Room Service Breakfast

    $5 Says I Was The Only Person In Macau Watching UCF Beat USF…Great Use Of The Media Room!

    This was a vacation, and being this week was all about not thinking about work and relaxing, I wanted to take advantage of getting a massage. Especially by the time of my second day in Macau, I had been walking around all day across there and Hong Kong with my messenger bag slung across my back and feeling the effects of that. The in-house spa at the Conrad, Bodhi Spa is located on level 3 of the hotel and has access to both the Conrad and Holiday Inn elevator banks. As a result, I’m curious if the spa is shared with the Holiday Inn, but I cant seem to find any evidence of one way or the other online.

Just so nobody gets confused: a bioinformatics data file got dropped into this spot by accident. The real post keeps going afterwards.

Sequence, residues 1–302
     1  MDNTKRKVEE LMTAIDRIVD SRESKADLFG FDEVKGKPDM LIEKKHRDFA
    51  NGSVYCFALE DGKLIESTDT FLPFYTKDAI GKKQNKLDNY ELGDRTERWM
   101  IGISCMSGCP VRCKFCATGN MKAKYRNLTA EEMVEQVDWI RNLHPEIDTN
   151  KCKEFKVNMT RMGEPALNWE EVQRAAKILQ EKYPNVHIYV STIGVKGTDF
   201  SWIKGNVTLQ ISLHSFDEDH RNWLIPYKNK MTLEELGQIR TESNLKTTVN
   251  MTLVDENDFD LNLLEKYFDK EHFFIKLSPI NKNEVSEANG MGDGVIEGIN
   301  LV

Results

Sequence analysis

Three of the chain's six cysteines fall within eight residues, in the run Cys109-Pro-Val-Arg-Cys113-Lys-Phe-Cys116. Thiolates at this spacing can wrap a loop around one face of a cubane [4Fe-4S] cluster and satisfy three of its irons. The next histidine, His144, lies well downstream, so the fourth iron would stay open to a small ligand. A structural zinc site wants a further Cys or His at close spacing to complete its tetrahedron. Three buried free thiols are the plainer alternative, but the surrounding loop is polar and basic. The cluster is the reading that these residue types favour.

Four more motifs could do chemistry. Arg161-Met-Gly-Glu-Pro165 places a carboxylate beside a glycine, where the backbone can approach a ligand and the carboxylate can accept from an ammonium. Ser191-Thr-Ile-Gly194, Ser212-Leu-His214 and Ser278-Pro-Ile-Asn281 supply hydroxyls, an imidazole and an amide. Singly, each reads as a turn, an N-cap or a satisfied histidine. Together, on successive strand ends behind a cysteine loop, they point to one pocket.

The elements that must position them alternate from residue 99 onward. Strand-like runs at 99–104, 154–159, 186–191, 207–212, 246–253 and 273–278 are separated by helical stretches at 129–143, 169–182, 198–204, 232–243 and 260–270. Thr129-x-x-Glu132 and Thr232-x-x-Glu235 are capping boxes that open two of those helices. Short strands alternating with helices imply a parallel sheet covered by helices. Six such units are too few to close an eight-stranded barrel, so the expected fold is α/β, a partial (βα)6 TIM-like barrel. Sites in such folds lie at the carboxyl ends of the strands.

I only decided to book my appointment at the relative last minute after getting back to the hotel from a day of exploring the city. Luckily they had an open spot for 15 minutes later for a 90 minute Balinese massage, which was excellent news! I headed downstairs to the spa and right when I walked in, they addressed me by name right away and led me off to a small waiting “alcove” where they brought me some tea while I waited for the therapist to come and get me; I didn’t need to take a shower before hand since I had just taken one in my room, so I just tried to start relaxing. When my therapist came to collect me, I was asked the usual questions about where I wanted focus and was then led to the treatment room.